This legislative session has been a very busy one for KIFA. The tone of the legislature is much different than in previous years, which is not surprising, since there are a large number of moderate Republicans and Democrats serving this year. From the very start, we knew that (for the first time since I've been around), we might be advocating for positive policy changes, as opposed to just trying to stop terrible things from happening, as has been the case in recent years.
Of course, the elephant in the Capitol is the disastrous Kansas budget deficit, caused by the tax cuts in 2012 and 2013. Kansas faces an over $1 billion deficit over the next two years, and (needless to say) that has attracted a lot of attention. At this stage it is impossible to ask for any legislation that has a cost attached to it.
Of course, that doesn't mean that policy isn't being developed. Here's a list of the proposed legislation that KIFA has taken a position on this year.
We testified in support of HB 2018, which would limit the use of civil asset forfeiture.
Explanation: Current law allows law enforcement to take property they suspect of being connected with a crime, but no conviction or even arrest is required. That is, a highway patrol officer could stop you, claim to believe your car or other personal possessions are connected with a crime (“hm, I smell pot smoke”) and take them, without even giving you a ticket. This is rife for abuse and it has been abused; it also (unsurprisingly) has a very large racial disparity. This bill would require conviction before permanent forfeiture of property.
Result: There seems to be some resolve to do something about a pretty unregulated system. A subcommittee will be looking at the whole issue of civil asset forfeiture over the summer, to propose legislation for next year.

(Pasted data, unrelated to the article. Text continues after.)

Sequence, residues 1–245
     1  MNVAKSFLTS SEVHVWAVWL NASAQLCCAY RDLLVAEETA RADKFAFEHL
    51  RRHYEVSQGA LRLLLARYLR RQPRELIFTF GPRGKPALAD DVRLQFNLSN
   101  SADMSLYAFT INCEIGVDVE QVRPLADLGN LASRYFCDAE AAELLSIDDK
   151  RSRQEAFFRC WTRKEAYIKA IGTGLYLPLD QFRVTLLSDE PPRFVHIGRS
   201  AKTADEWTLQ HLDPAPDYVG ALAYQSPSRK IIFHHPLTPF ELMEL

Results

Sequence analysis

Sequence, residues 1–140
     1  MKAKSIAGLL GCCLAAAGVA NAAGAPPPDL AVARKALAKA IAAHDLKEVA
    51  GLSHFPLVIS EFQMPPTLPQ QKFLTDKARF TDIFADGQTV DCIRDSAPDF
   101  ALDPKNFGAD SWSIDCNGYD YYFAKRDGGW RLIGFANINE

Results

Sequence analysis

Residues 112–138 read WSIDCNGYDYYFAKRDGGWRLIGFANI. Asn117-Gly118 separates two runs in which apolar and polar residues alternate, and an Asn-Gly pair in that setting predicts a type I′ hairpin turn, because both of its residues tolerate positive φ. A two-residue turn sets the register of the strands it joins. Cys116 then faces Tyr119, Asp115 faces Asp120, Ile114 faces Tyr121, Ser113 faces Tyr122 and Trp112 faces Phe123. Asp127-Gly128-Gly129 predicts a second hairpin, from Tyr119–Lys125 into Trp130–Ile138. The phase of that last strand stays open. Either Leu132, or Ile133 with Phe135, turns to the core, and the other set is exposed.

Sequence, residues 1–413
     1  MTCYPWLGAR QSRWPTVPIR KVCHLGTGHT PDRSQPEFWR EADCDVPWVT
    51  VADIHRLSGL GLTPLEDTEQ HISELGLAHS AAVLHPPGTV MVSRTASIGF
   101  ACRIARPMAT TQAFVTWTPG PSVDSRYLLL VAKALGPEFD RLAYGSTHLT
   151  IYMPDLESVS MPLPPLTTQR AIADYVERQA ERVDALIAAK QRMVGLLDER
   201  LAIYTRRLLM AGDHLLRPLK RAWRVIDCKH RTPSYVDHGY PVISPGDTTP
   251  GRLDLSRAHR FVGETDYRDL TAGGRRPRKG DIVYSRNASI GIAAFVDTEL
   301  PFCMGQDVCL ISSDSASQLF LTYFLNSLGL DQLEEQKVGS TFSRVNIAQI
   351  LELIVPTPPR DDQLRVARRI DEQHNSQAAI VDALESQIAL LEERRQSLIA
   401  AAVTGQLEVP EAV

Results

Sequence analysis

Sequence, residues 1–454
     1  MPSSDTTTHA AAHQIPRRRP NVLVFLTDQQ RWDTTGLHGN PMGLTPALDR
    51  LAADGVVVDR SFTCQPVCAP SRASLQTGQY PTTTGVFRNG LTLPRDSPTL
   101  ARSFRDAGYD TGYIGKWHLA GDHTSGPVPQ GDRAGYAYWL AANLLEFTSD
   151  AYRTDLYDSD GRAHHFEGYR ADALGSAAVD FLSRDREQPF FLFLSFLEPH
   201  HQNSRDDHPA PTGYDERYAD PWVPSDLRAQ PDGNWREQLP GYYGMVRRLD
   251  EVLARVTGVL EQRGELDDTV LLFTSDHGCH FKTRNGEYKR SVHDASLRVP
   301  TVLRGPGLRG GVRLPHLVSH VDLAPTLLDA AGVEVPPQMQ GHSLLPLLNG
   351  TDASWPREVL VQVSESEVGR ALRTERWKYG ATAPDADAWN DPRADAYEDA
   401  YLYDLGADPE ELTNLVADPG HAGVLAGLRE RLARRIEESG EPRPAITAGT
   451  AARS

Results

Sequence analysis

We testified in opposition to SB 37, which is designed to fix a loophole in Kansas' two-tiered voting system.
Explanation: Kansas law requires people registering to vote to produce proof of citizenship, usually a birth certificate. Federal law prohibits this requirement on federal registration forms, so Secretary of State Kris Kobach attempted to institute what has been called a “two-tiered” registration system, with people who have registered with the federal form (and who are not required to present their birth certificate) only allowed to vote in federal elections, while being prohibited from voting in state elections. A federal court threw this out before the November 2016 elections, calling it “a mass denial of a fundamental constitutional right.” This legislation attempts to address some of the complaints of the federal court, thereby further codifying the two-tiered voting system.
Result: The bill has not yet been voted on in committee, but from my analysis of both the makeup of the committee and the mood of the legislature, it is unlikely to be passed out favorably. That doesn't mean the bill is dead, though; Secretary Kobach has proven very adept over the years at bending the legislature to his will.
We submitted written testimony in support of HB 2064, expanding KanCare.
Explanation: This is one of the biggies of the year, and many of the new legislators specifically ran in favor of this last year. There are a lot of obstacles to this legislation, primary among them being uncertainty on the federal level and the governor's steadfast opposition. But there are a lot of influential parties pushing heavily for it, so I wouldn't count it out.
- We submitted written testimony in support of SB 95, the “SOAR Act.”